Texas summer drought affecting corn, sorghum crops

Heat and drought have taken a toll on Texas crop production. Limited production of corn and sorghum and the unknown future have caused prices for those crops to spike, according to a Texas A&M AgriLife Extension Service expert.

Mark Welch, Ph.D., AgriLife Extension economist-grain marketing in the Texas A&M Department of Agricultural Economics, Bryan-College Station, said 2023 crop production for Texas summer-grown crops such as corn and sorghum is better than compared to 2022. However, dry conditions will still take a small toll on producers in certain areas for this year’s harvest.

2023 Summer Drought 

Although much of the state had a decent late winter and early spring rainfall, the 2023 crop production has been “a mixed bag depending on location,” Welch said. The South Texas and Coastal Bend region experienced more rainfall during the early months of 2023, which allowed farmers to gain a head start in crop production.

Central Texas producers did not get the same rainfall as the southern region, which resulted in extreme heat this summer, stunting the growth of crops through sensitive stages.

Panhandle producers, especially corn producers, started irrigating crops during the early summer months. The extreme heat and high winds have made it difficult and expensive for irrigation systems to keep up. Though much is unknown until the completion of harvest in late September and early October, producers are preparing to experience extreme yield loss.

Change in prices

“This summer has been one of volatile and high variable prices,” Welch said.

The basis price, which is the difference between the local cash price and the future market price, for the feed grain markets has held firm throughout the summer, Welch said. And the drought affecting the nation’s Corn Belt has allowed Texas producers who were able to plant their crop in the early planting months, which resulted in good yields, to see a significant increase in prices.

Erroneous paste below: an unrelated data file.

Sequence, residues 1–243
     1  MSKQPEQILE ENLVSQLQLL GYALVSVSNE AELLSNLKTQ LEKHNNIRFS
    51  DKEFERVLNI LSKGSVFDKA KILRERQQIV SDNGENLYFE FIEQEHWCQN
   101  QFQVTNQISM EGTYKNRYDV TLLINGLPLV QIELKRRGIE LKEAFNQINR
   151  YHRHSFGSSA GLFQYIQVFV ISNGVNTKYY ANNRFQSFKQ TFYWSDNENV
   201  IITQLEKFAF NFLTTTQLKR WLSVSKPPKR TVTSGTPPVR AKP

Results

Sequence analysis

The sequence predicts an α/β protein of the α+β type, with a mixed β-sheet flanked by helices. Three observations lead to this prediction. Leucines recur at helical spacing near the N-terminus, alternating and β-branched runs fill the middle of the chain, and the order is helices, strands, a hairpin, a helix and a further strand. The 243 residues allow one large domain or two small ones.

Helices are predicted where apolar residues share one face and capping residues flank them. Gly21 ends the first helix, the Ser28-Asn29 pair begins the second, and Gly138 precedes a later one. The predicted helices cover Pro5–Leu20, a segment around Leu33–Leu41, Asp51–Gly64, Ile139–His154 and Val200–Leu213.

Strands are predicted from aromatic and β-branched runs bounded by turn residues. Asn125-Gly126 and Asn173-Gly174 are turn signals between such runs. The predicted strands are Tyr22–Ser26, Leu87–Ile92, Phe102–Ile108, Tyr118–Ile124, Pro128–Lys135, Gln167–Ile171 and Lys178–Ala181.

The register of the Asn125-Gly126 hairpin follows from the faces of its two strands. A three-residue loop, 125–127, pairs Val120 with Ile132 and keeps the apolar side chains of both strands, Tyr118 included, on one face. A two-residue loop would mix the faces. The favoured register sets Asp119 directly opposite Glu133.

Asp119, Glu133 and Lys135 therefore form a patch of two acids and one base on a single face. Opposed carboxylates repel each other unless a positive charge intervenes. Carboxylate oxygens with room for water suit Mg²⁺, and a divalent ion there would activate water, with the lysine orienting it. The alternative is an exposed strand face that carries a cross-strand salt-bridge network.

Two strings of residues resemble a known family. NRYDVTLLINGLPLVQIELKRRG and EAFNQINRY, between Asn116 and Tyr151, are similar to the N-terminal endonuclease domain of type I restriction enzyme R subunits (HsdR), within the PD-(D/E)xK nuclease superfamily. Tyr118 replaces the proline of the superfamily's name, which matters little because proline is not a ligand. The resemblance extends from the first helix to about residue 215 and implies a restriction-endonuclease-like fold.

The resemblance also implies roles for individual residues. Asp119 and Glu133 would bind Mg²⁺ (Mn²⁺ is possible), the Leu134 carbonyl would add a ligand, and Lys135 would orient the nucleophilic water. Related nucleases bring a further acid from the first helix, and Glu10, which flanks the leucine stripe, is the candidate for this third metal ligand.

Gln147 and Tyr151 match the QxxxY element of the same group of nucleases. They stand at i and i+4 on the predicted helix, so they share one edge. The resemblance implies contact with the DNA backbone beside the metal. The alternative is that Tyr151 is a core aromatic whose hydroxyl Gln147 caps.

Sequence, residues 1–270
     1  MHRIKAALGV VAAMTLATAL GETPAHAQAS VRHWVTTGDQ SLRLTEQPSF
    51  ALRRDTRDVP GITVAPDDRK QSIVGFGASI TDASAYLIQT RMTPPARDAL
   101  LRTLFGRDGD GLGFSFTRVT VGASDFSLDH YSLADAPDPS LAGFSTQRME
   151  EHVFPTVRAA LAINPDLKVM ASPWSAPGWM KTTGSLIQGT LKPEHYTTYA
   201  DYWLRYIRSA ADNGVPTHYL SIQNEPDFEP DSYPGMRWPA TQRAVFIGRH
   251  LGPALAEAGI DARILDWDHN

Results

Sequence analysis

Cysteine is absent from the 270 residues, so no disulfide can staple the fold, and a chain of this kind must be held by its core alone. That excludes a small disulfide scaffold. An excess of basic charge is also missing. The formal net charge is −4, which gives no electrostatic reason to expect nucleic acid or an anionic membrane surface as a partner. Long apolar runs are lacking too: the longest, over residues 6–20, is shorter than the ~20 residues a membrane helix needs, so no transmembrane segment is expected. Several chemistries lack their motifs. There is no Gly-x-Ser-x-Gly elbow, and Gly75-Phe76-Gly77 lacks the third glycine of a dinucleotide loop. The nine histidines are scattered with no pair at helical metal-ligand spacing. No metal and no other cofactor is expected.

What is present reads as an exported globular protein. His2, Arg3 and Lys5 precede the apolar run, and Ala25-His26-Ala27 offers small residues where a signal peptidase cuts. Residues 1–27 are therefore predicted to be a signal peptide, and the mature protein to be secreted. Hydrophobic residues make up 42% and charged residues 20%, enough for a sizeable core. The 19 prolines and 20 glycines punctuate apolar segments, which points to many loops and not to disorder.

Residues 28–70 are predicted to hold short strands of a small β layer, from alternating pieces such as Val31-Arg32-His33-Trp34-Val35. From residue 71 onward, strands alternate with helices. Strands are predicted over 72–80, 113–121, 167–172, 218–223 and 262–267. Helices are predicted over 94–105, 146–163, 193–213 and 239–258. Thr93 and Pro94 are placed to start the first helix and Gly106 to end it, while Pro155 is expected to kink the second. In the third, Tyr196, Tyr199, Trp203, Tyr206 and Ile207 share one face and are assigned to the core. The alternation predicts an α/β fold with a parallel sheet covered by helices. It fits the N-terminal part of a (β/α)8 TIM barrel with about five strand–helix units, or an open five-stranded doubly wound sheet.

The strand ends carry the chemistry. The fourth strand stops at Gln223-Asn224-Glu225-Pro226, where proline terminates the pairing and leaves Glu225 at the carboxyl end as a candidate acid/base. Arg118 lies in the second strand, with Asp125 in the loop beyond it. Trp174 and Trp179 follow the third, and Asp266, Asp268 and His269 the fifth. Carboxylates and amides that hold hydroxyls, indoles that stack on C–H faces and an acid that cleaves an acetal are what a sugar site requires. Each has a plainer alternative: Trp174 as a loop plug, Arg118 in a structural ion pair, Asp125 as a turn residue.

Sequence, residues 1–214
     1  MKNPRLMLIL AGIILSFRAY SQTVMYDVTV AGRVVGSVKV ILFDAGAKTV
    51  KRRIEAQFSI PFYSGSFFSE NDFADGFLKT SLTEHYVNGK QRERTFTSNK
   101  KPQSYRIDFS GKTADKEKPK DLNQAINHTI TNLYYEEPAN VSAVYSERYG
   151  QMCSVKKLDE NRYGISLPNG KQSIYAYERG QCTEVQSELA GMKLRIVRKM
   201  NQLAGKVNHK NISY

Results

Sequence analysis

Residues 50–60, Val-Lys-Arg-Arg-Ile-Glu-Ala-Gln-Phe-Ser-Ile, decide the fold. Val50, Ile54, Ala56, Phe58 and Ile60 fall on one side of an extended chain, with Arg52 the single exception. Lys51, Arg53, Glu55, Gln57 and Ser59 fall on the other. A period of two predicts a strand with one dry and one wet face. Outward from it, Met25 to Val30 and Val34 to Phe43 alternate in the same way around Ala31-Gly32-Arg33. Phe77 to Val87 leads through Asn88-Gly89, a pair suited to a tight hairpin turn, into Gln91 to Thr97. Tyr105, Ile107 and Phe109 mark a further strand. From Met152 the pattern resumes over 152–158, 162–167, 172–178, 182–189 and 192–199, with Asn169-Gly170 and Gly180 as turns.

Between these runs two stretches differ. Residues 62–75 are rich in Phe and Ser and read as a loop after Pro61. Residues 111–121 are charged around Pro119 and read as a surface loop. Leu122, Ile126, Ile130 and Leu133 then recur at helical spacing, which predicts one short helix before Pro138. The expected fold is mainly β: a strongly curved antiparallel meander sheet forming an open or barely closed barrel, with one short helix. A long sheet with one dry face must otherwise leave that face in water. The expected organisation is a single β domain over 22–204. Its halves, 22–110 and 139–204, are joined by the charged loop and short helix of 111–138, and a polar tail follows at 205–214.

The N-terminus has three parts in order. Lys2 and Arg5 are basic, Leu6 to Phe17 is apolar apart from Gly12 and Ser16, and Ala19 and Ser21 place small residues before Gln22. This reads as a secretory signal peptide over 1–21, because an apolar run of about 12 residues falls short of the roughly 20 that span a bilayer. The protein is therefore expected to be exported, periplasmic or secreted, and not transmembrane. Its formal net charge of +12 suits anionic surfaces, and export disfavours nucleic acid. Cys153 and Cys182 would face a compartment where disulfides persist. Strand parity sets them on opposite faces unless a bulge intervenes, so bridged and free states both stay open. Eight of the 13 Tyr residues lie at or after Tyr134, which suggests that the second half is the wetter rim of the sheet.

Texas and other southern states have also experienced a spike in forage prices, such as hay and silage, due to the demand for forage from livestock owners and producers.

Welch said it will be late September or October before it is known what impact the continued heat and drought is having on 2023 production.

Also causing prices to spike is the the war between Russia and Ukraine.

“We have come back down from last year’s pre-war prices, but there is still a big concern of grain prices and exports,” Welch said.  

“Since the outbreak of the war, exports have continued with rising prices. The grain trade initiative has allowed some cargo vessels from Ukraine to export produce, but during the last few weeks, Russia has ended the grain trade initiative, and prices have spiked again. The bottom number will depend on what happens from now until the end of harvest,” Welch said. 

Post a Comment

Previous Post Next Post